Book Review: Future Mormon, Essays in Mormon Theology, by Adam S. Miller
When I first saw the title for this book, Future Mormon, I immediately thought of the title of another book I first read as a teenager in the 1970s, Future Shock by Alvin Toffler. In Toffler’s book, he describes a future of rapid change, much of it caused by advancing technology, which he sees as causing psychological stress and instability in a society that struggles to keep up with all of the change.
Welcome to the present. Welcome to 21st century Mormonism.
Since Future Shock, we have seen incredible growth and struggle occur in the Church. Sometimes it has been hard to keep up with the changing times. The Church has grown from under 3 million to more than 15 million members, growing from a uniquely Utah religion to a world-wide phenomenon. Yet, we’ve also seen the archives open and many skeletons fall out, causing us to look time and again at what the Church really stands for and teaches: Priesthood ban lifted and debated over almost 20 years, Joseph Smith’s polygamy and seer stones, The Book of Mormon and DNA. The outflow of members over issues of feminism, sexual attraction, and gender identification.
But we’ve also seen triumphs: 150 temples worldwide, tens of thousands of young men and women serving missions, Joseph Smith Papers Project, a renewed focus on the Book of Mormon.
We’ve also seen an evolution of Mormon thought. In the early 1970s, the first generation of LDS scholars was coming out of the long shadow cast by Hugh Nibley. Amazing articles that supported the Book of Mormon came onto the radar by this new group of scholars. Mormon apologetics entered its heyday, and today is well established with many scholars and organizations. Mormon history then took root and is now also established among LDS and non-LDS scholars alike.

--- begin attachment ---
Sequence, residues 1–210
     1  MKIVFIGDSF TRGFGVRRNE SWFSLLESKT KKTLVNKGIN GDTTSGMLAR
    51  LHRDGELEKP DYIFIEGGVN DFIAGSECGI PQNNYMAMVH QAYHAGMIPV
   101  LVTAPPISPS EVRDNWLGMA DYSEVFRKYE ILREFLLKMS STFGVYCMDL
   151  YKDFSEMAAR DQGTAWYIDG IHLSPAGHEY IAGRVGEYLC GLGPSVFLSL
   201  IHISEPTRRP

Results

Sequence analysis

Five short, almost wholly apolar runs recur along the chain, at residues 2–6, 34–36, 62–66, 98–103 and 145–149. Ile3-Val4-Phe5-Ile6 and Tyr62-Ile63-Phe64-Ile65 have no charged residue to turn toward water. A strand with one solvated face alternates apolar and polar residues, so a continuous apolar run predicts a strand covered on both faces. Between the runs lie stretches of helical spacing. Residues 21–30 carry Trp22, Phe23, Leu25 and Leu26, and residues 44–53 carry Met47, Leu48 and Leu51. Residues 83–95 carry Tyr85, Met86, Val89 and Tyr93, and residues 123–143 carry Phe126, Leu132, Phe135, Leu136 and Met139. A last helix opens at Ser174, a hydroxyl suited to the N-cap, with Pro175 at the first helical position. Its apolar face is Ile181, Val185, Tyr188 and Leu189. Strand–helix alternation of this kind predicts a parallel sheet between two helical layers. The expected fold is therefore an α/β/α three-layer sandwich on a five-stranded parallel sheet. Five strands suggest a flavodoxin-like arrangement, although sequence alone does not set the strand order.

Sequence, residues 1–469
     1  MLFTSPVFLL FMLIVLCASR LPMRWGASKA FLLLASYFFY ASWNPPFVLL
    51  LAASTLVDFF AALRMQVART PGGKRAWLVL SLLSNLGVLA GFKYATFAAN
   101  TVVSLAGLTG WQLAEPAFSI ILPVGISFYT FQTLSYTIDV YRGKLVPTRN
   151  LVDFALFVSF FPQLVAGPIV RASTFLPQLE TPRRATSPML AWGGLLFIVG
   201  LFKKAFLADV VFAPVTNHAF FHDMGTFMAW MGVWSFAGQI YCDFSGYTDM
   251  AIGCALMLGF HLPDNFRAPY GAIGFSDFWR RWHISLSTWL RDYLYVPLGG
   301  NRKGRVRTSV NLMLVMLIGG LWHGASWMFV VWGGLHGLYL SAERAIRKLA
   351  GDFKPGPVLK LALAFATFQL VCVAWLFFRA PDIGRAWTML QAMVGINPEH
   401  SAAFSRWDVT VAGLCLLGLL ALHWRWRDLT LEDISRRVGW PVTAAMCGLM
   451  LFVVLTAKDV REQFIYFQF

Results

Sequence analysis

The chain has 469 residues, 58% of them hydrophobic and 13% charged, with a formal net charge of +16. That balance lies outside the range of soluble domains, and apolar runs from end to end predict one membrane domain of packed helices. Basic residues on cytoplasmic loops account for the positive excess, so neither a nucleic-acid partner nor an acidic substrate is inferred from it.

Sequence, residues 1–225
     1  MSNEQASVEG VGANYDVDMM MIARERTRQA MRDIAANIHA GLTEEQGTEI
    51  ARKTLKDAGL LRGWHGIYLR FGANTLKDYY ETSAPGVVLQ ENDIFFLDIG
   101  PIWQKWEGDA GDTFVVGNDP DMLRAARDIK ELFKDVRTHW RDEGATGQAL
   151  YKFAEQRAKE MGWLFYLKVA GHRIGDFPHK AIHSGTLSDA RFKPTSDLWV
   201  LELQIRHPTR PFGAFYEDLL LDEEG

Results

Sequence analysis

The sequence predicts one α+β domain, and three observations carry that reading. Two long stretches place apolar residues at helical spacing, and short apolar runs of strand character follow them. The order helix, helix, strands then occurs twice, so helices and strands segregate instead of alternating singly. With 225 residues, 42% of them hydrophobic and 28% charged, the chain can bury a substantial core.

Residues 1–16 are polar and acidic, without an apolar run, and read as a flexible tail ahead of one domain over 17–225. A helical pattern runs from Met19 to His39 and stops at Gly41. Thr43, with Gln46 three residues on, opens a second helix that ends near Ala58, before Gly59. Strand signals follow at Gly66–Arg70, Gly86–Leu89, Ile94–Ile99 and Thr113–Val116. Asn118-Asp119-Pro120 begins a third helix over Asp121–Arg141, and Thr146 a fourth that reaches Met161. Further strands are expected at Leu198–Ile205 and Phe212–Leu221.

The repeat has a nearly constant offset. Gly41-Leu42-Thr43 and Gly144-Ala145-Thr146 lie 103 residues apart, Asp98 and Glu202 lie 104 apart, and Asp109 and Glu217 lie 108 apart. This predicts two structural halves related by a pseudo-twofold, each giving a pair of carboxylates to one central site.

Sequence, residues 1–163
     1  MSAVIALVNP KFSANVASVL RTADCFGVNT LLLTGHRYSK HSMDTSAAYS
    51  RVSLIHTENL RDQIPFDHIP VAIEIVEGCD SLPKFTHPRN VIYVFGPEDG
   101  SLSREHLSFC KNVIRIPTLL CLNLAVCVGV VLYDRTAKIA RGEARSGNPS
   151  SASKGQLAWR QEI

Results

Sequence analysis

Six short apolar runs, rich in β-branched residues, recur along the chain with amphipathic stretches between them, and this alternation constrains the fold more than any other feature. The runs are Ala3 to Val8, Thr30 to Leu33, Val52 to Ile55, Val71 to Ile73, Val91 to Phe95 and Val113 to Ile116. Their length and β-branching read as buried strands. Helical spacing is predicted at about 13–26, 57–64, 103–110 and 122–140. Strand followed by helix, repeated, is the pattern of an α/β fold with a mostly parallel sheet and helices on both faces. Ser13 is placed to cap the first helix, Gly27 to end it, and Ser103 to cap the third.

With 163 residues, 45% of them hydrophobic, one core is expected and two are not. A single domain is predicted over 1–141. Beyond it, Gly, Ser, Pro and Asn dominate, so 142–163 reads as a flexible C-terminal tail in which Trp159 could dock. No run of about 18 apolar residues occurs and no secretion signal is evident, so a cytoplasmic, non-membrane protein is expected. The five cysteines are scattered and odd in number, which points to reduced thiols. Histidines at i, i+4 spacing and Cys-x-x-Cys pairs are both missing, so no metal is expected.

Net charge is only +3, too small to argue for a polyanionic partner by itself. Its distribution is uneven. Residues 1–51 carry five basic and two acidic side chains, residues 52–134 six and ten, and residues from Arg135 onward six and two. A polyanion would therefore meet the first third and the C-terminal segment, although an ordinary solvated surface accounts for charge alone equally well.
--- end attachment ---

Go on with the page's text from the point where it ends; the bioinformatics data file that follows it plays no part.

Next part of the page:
Perhaps one of the most exciting groups to emerge over the last 30 years is that of philosophy/theology. Growing out of Eugene England’s early efforts, we now have a quality group of LDS men and women who do Mormon theology. One of the foremost LDS philosophers in our day is Adam S. Miller, and this is one of his best offerings to date.
“Future Mormon” is a brief book of about 130 pages and 13 chapters, including:
1. A General Theory of Grace
2. Burnt Offerings: Reading 1 Nephi 1
3. Reading Signs or Repeating Symptoms: Reading Jacob 7
4. Early Onset Postmortality
5. The God Who Weeps: Notes, Amens and Disagreements
6. A Radical Mormon Materialism: Reading Wrestling the Angel
7. Reflections on President Uchtdorf’s “The Gift of Grace”
8. A Manifesto for the Future of Mormon Thinking
9. Network Theology: Is It Possible to be a Christian but not a Platonist?